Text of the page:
Source: Silicon Valley software techniques modernize 75-year-old plant

Link: DICK’S Sporting Goods Poised to Continue its Successful Digital Transformation Journey

Another important aspect of the new retail experience is buy-online, pickup in-store. This is an easy way to bring consumer gratification that even free two-day shipping can’t match. Shoppers are using stores as pickup points at record rates during the holiday season, especially those on a time crunch or placing orders too late for on-time delivery.

Anticipating the percentage of e-commerce orders placed for pickup in-store would skyrocket as the holiday grew closer, DICK’S wasted no time revamping elements of its buy-online, pickup in-store option and began running them on PCF. Now, store associates spend less time running around and picking pack slips because the experience is integrated into an app on the mobile devices they carry known as “MerchSearch.”

Source: DICK’S Sporting Goods Poised to Continue its Successful Digital Transformation Journey

Beyond the Sea of No’s, with Jon Osborn

As always, with Jon, this is a great conversation:

Demonstrating the value of software, how it contributes to revenue, is no easy feat. Staffing can be difficult, especially with an eye to sustaining teams over the years. Jon Osborn returns as a guest to discuss these and other transformation hurdles, plus successes they’ve had at the Great American Insurance Group.

Check it out, and subscribe to the podcast for more stuff like this every week.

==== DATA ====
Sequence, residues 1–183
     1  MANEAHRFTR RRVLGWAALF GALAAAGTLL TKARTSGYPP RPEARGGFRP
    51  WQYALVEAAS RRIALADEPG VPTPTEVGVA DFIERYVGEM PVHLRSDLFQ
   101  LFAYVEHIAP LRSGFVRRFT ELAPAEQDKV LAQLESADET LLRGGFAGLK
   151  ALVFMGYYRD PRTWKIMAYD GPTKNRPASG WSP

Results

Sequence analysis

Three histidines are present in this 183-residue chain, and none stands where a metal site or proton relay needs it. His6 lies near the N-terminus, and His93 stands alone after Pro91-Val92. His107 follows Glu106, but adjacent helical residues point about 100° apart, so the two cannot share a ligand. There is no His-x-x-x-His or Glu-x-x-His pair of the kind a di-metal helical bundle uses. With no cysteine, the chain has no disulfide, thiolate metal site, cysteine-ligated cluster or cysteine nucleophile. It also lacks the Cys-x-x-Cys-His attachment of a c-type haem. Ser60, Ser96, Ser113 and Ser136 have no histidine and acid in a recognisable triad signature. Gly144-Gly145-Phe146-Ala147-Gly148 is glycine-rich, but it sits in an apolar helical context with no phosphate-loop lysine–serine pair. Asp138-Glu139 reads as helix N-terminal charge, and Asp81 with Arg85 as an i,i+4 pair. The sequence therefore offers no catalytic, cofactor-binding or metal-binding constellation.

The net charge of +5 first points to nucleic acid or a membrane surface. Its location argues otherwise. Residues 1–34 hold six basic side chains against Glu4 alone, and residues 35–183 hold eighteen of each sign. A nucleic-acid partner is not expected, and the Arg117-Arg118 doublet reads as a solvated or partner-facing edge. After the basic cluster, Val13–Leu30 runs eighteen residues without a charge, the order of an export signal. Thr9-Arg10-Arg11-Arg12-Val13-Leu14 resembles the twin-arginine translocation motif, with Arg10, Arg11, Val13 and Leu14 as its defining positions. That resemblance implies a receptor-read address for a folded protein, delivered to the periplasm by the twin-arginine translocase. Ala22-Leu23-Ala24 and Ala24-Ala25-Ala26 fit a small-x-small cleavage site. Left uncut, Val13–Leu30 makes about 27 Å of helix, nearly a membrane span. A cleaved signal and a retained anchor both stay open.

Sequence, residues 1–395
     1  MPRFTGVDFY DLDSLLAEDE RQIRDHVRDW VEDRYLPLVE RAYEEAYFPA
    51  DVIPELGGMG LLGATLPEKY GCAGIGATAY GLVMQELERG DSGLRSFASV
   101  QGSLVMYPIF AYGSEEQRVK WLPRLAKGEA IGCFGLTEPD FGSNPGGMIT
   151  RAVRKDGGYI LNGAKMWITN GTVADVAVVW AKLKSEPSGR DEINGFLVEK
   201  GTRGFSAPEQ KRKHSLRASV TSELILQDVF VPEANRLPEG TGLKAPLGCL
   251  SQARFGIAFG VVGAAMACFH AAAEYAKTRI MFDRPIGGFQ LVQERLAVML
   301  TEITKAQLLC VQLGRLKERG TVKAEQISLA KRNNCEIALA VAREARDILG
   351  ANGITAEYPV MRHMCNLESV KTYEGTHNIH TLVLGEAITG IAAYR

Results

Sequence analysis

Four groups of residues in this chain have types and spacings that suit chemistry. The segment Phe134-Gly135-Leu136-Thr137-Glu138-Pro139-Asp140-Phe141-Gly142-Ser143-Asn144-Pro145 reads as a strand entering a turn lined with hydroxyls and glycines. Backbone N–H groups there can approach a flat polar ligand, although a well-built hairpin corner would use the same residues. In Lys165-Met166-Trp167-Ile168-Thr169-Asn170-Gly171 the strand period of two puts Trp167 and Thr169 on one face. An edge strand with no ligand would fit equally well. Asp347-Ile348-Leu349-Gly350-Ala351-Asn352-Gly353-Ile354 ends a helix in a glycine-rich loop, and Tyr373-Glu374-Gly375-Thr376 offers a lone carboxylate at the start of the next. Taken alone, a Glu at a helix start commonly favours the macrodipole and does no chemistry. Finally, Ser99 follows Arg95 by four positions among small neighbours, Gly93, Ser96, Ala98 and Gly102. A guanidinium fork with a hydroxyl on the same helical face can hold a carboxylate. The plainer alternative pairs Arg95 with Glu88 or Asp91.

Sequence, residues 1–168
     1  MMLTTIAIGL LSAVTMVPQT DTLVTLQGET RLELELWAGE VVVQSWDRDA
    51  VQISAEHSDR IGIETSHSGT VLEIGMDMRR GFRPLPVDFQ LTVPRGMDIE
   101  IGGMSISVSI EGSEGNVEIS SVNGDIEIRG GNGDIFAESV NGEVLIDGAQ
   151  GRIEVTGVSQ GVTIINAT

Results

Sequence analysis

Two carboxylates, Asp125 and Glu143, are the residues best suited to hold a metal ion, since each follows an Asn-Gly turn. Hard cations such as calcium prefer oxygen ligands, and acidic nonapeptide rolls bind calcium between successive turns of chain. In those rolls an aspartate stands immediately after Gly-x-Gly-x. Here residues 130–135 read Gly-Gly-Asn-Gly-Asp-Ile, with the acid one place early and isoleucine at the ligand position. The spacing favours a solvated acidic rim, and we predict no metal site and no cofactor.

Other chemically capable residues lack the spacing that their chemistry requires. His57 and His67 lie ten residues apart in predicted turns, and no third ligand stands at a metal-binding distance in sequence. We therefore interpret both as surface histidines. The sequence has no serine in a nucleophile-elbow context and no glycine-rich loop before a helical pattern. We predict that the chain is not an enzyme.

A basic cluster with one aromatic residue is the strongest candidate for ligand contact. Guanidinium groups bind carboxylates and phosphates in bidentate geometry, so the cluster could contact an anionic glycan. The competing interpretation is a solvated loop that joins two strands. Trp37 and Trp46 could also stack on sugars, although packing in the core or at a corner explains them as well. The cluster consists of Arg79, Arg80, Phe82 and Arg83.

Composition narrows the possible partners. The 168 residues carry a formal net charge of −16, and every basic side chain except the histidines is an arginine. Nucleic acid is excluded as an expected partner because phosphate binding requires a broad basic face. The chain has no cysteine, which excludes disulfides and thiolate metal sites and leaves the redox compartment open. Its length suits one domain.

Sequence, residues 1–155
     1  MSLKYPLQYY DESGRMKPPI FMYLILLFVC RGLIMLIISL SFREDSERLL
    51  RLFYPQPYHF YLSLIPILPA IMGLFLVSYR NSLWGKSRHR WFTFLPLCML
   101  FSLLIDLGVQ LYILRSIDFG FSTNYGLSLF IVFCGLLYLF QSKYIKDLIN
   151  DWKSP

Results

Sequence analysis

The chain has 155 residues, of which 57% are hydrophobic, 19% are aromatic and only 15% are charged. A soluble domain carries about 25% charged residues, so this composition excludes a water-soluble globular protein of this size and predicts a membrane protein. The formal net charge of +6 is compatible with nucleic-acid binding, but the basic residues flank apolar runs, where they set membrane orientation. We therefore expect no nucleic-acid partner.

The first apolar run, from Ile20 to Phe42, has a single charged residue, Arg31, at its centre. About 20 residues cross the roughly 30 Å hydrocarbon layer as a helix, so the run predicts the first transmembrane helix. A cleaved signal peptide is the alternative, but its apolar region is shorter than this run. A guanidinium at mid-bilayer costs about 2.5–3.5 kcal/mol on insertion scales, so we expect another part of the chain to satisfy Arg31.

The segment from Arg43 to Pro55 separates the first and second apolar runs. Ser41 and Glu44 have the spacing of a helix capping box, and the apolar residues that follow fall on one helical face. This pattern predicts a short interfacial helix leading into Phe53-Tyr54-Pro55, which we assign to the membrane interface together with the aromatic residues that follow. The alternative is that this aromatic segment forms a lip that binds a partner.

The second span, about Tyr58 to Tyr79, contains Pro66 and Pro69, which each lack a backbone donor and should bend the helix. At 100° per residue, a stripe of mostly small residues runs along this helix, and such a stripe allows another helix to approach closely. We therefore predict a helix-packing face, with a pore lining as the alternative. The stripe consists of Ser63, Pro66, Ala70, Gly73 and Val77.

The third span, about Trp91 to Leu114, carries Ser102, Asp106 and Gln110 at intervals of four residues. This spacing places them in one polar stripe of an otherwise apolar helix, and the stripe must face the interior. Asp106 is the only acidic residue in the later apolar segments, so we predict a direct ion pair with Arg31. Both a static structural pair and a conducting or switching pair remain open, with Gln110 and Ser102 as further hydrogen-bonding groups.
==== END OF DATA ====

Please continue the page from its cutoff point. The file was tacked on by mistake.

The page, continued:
Link: Pivotal Cloud Foundry 2.5, Now GA, Harnesses the Power of Istio and Envoy to Make Your Developers More Productive

Whole lotta features:

> – Weighted routing uses Istio and Envoy to simplify blue-green deployments (beta)
> – Platform Automation for PCF, the engine of your perpetual upgrade machine (beta)
> – Windows Server 2019, Microsoft’s most container-friendly OS yet, now powers PAS for Windows (coming soon)
> – Consume upstream Kubernetes your way with the new PKS family
> – Got apps that need multiple custom ports? Run ‘em on PAS.
> – Use metadata on API resources throughout PAS to share context
> – Keep tabs on all your apps, wherever they run with multi-foundation Apps Manager (coming soon)
> – Steeltoe 2.2 improves the stability of your microservices, simplifies connections to MongoDB
> – Spring Cloud Data Flow for PCF 1.4: Wire up data pipelines across Kubernetes and Cloud Foundry (coming soon)
> – Single Sign-On for PCF 1.9 will help you get more done faster with a new, streamlined dashboard (coming soon)
> – Detecting manifest changes with Ops Manager is much easier
> – Other Enhancements
> – Public Service Announcements
> – Try Pivotal Cloud Foundry for Free

Source: Pivotal Cloud Foundry 2.5, Now GA, Harnesses the Power of Istio and Envoy to Make Your Developers More Productive